RogerVoice App being used on a smartphone

Disability Innovations: App enables people with hearing impairments to use the phone

Disability Innovations is a blog series that gathers some of the most interesting new products and services that aim to make disabled people’s lives easier. We hope it will inspire more innovation in the disability field.

What is RogerVoice?

RogerVoice is an App that enables people with hearing impairments to have conversations on the phone, by converting speech to subtitles in real time. This innovative use of existing technology has already allowed deaf people to make their first ever phone calls, and has the potential to include millions of people in an activity which most of us take for granted. It has already received much positive media attention, so last week I excitedly tested it out with Chief Executive Officer (CEO) and founder Olivier Jeannel to understand how it works and what the potential for it is.

What’s the story behind it?

Olivier grew up in the US where he experienced the phone relay service that was available for free. He moved to France in his early 20s to work for telecom company Orange, while also helping friends on a communication project for deaf people in France. He became aware that the relay system which was so important to deaf people in the US was not available in France or worldwide. What was on offer relied on expensive human translators. His experience and perspective of both the telecom system and working for the deaf came together, and inspired him to want to work towards a system that allowed people with hearing impairments to communicate on the phone.

After seeing technology like voice recognition and Siri being introduced in the mainstream, Olivier felt it had huge potential beyond being a fun (but often useless) gadget for people.  Being young and impatient, and himself hearing impaired, he explains that all he wanted was for technology to do amazing things for people, so he started working on RogerVoice.

How does it work?

The App uses existing technology, including a standard telecoms system and a voice recognition system. If you are hearing impaired, you download the app and make a phone call. When the recipient of the call speaks to you, their voice is intercepted, transcribed, and can be read on your phone’s screen in real time. When you respond, your voice can be heard on the other end just like a standard phone call. The recipient doesn’t need to download the App, making it more seamless to make a phone call.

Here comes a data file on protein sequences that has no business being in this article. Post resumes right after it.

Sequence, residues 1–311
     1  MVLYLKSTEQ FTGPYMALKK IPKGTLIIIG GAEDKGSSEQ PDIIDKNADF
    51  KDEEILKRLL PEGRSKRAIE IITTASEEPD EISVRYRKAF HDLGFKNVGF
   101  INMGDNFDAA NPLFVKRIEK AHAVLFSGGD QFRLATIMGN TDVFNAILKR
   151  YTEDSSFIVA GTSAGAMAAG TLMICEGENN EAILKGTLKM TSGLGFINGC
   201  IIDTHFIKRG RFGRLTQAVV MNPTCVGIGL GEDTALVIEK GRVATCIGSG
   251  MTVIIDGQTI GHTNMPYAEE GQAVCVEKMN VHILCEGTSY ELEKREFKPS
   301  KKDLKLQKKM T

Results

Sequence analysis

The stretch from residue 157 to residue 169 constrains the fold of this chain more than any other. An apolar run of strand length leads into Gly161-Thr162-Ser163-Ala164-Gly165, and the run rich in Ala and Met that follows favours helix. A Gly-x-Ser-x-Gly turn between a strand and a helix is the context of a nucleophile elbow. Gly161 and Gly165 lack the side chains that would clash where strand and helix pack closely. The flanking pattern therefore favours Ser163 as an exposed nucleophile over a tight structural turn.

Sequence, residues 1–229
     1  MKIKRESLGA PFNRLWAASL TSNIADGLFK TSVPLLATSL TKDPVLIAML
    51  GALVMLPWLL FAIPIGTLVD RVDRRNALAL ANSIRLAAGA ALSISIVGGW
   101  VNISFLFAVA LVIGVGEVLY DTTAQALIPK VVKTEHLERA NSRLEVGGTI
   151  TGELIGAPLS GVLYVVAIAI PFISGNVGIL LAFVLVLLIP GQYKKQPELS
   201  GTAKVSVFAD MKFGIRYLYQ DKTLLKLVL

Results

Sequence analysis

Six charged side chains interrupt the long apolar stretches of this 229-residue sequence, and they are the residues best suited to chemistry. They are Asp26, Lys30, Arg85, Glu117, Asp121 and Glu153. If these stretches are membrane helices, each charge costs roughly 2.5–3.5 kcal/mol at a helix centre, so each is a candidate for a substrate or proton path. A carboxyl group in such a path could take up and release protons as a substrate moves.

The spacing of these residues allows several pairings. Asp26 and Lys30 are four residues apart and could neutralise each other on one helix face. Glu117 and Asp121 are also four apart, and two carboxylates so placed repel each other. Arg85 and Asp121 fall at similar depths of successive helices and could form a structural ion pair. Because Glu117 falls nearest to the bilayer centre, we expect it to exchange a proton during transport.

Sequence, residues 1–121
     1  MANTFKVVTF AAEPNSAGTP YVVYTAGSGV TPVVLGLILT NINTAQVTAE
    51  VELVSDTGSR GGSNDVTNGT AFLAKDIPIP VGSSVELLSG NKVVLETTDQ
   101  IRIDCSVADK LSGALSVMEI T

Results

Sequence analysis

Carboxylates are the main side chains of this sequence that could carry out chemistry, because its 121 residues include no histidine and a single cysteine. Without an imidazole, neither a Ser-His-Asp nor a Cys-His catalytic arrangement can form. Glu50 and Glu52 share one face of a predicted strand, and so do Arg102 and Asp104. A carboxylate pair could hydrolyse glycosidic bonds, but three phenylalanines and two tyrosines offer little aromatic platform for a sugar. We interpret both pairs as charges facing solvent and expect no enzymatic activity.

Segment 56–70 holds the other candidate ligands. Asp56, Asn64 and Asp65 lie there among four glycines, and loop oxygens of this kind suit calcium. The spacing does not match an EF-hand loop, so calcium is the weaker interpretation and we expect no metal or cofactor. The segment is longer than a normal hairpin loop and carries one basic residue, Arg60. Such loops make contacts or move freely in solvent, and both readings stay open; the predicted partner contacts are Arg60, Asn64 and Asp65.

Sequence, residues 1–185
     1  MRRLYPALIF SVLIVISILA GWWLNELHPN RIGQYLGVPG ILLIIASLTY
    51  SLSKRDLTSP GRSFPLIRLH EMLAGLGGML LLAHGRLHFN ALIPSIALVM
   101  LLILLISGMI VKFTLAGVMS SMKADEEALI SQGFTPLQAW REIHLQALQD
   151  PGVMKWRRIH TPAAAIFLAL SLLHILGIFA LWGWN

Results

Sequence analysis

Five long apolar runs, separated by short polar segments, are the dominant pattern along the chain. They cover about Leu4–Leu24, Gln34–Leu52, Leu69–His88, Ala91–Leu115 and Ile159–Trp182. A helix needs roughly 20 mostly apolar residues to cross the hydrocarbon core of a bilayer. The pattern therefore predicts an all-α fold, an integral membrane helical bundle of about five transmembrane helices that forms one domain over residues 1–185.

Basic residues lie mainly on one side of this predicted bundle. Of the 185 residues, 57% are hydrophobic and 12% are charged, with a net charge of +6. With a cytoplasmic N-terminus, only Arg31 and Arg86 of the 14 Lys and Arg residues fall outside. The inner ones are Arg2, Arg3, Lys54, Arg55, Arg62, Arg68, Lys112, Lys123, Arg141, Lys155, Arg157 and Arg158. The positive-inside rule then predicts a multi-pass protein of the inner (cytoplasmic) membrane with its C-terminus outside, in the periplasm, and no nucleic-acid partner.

Currently people with hearing impairments either use message based systems to communicate, or the expensive relay system which uses human transcribers. The App works for people who can speak orally, but Olivier is also working on a function for people who can’t communicate orally so that messages they write can be read out over the phone via text-to-speech recognition.

What is the potential for the App?

Olivier describes two main possibilities that can be achieved through RogerVoice. The first is a practical aspect; using the phone for booking doctor’s appointments to organising taxis and meetings. But he has been most excited by the emotional aspect, where deaf people can now use the phone to talk to family and friends and can be included in an activity that is so important and so ingrained in day to day life.

Olivier expresses that even if he doesn’t need to use the phone a lot, the most important thing is that he can. He has been excited by the feedback so far from users and families testing the App who have had their first ever phone conversations. It’s this feedback which inspires him to keep working so hard on the technology, to make it available as fast as possible.

Is it available now?

Currently the app is undergoing beta-testing on Android so that the team behind RogerVoice can ensure that the tech is working smoothly and is bug-free. The App is compatible in many languages, and works particularly well with those that already have a lot of data around voice recognition. It is due to be available for the iPhone in August and the public launch will be in September this year.

Olivier wants to ensure that the tech is ready, but crucially that people are ready to use it and understand what it’s meant for. The technology is not meant to exclude any groups, but to make sure as many people as possible are included in everyday technology. He stresses that RogerVoice is not out there to compete with existing systems such as the relay system, but to be a complementary offer. Human transcribers offer a superior level of quality and accuracy which should still be relied upon for business or conference calls.

What we like about it

This seems like such an exciting development which uses widely available technology to make a real and dramatic difference to a huge number of lives. We often hear feedback from disabled people around how they don’t want niche services or websites that cater solely to their needs. They just want mainstream services to be accessible.

RogerVoice could offer a way for existing and accepted technologies to be inclusive for a new audience, and we will be watching their progress over the next few months with great anticipation.

This blog is for information only. Scope does not endorse this product or service. We try to make sure our information is up to date and accurate at the time of publishing.

To tell us about a Disability Innovation you’ve seen, please email innovation@scope.org.uk.